This may seem trivial but it's vital. You're not going to get through a game in an hour if the players have to share dice, pencils or erasers. You can buy a full set of D&D dice for multiple players complete with dice bags from Amazon et al for a minimal cost. I did. It's really worth the investment.
3. Pregenerated characters.
There's no way you can make characters and get through an adventure in an hour.
(I have managed this but it was using my own game system and I'm very experienced at what I do. But even I found the tIme very tight).
So you need pregenerated characters for the players. They need to be clear standard archetypes. Each character should be clearly defined on their own character sheet. There needs to be a big colour picture of the character. The game information on the sheets should be the minimum needed to play the character.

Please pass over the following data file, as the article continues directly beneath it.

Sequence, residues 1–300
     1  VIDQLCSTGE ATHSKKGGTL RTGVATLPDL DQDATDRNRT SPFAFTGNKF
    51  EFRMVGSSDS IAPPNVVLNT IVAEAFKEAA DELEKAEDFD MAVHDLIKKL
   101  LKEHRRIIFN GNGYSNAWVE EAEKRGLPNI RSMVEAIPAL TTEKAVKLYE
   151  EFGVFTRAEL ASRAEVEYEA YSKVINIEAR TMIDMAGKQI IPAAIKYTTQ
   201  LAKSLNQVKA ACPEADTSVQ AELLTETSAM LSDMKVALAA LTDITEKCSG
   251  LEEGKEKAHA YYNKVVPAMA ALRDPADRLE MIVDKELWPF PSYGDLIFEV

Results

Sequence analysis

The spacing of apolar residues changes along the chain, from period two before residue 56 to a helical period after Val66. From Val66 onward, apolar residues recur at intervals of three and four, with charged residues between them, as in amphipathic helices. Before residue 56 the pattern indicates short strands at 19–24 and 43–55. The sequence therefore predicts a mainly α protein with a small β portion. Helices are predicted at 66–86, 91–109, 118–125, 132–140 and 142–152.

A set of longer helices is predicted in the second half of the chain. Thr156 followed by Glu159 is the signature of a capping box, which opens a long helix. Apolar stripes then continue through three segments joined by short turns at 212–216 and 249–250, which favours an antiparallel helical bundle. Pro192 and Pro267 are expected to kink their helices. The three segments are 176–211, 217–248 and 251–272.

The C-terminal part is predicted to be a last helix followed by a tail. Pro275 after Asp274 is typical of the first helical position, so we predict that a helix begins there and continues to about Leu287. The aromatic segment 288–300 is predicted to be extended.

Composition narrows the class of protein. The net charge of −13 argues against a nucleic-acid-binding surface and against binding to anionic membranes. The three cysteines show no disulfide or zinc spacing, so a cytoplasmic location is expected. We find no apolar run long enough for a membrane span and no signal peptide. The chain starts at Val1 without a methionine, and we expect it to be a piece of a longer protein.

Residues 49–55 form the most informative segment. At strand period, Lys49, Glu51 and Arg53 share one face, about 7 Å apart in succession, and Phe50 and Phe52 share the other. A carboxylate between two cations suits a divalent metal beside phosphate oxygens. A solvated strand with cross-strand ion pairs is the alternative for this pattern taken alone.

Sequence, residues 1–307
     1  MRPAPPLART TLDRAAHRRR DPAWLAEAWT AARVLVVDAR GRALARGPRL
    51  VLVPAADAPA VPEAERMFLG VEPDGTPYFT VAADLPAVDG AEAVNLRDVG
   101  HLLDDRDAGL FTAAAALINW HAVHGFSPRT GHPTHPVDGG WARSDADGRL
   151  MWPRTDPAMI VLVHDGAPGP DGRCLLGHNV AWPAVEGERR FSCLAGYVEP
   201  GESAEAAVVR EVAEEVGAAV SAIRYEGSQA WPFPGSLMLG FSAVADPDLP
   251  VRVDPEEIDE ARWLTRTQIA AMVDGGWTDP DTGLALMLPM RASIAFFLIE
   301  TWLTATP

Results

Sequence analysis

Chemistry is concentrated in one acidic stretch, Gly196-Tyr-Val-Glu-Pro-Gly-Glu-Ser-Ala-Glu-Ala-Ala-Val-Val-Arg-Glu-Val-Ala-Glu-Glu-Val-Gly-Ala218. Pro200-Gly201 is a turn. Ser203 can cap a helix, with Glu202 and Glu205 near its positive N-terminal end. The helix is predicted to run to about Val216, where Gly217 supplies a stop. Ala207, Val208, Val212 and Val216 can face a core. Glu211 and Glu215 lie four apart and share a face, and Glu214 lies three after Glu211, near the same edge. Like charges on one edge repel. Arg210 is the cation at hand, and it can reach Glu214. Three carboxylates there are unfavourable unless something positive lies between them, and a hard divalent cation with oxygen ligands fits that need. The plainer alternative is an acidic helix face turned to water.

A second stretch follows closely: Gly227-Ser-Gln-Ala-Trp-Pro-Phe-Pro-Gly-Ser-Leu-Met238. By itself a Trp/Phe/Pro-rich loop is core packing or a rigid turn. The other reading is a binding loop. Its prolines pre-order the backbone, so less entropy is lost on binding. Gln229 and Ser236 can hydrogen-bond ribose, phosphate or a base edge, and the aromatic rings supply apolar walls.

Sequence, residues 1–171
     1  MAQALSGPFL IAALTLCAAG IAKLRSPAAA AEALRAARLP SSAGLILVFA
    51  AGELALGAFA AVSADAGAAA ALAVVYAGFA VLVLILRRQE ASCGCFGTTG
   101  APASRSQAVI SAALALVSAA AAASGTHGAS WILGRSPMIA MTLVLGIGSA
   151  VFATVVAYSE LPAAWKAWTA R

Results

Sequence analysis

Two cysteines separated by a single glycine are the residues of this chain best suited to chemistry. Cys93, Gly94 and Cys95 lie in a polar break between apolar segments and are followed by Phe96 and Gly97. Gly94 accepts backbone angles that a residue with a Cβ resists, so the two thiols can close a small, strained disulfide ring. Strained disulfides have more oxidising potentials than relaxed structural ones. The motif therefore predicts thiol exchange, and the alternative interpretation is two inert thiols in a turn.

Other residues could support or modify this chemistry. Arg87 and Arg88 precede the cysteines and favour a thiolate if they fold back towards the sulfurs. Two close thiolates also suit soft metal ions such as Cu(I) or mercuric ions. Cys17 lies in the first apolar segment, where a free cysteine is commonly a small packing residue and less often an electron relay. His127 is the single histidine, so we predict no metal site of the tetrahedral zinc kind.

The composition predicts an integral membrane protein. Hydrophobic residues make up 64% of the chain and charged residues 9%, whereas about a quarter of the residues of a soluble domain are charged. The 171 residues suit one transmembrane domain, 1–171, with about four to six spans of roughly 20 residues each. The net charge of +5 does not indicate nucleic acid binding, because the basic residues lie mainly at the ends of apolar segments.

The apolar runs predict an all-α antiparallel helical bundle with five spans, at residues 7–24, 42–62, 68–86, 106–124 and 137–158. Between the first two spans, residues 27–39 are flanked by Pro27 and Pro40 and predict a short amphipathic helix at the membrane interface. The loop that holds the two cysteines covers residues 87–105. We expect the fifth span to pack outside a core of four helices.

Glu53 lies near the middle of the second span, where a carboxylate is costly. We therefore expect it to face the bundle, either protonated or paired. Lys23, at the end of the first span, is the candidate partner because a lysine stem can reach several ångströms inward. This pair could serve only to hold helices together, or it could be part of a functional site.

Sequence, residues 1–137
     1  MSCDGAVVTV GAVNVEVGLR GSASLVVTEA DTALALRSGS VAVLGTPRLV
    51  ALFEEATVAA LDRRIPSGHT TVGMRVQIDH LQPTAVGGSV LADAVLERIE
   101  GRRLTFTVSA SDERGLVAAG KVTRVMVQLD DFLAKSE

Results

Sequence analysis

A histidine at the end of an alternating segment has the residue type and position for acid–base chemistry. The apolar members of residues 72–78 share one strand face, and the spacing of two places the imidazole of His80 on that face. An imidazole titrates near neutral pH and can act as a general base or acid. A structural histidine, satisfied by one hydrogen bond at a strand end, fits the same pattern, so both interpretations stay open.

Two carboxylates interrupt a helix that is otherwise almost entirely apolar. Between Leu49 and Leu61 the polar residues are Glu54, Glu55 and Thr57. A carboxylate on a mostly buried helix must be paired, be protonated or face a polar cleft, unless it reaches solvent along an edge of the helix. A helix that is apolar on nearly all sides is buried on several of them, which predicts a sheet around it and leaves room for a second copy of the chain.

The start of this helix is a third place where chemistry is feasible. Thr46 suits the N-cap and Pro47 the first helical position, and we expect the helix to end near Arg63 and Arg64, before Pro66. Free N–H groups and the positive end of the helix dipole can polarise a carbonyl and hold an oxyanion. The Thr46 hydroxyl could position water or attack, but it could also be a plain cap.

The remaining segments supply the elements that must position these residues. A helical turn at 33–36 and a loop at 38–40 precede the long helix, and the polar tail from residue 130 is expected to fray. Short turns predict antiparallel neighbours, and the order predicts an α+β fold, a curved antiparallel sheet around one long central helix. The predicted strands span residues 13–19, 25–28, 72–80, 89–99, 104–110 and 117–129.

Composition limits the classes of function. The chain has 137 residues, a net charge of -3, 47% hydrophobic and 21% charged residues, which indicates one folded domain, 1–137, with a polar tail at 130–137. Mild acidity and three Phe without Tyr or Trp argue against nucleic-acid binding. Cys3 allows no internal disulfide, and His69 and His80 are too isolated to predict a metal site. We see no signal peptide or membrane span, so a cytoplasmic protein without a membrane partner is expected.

This is where I find The Black Hack scores over 5th Ed. I have run this one hour Dungeon using 5th Ed. rules and the pregenerated characters from the excellent 5th Ed starter pack. The whole pack is excellent value for money but I find that even first level characters have a lot of bells and whistles on the character sheets, which are distracting for new players. If you decide you use 5th Ed for a one hour intro game, I'd strongly recommend you produce stripped down sheets showing only the essential rules. In big type.
Even using the minimal Black Hack character sheets I find some players fixating on the contents of their backpacks!